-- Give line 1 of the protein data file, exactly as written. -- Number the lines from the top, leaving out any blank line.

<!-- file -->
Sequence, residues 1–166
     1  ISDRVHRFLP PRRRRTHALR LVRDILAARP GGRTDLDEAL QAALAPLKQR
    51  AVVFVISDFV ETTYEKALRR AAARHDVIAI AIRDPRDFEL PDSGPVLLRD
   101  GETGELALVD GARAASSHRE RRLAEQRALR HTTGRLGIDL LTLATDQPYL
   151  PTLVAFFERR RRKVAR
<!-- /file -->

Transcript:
Sequence, residues 1–166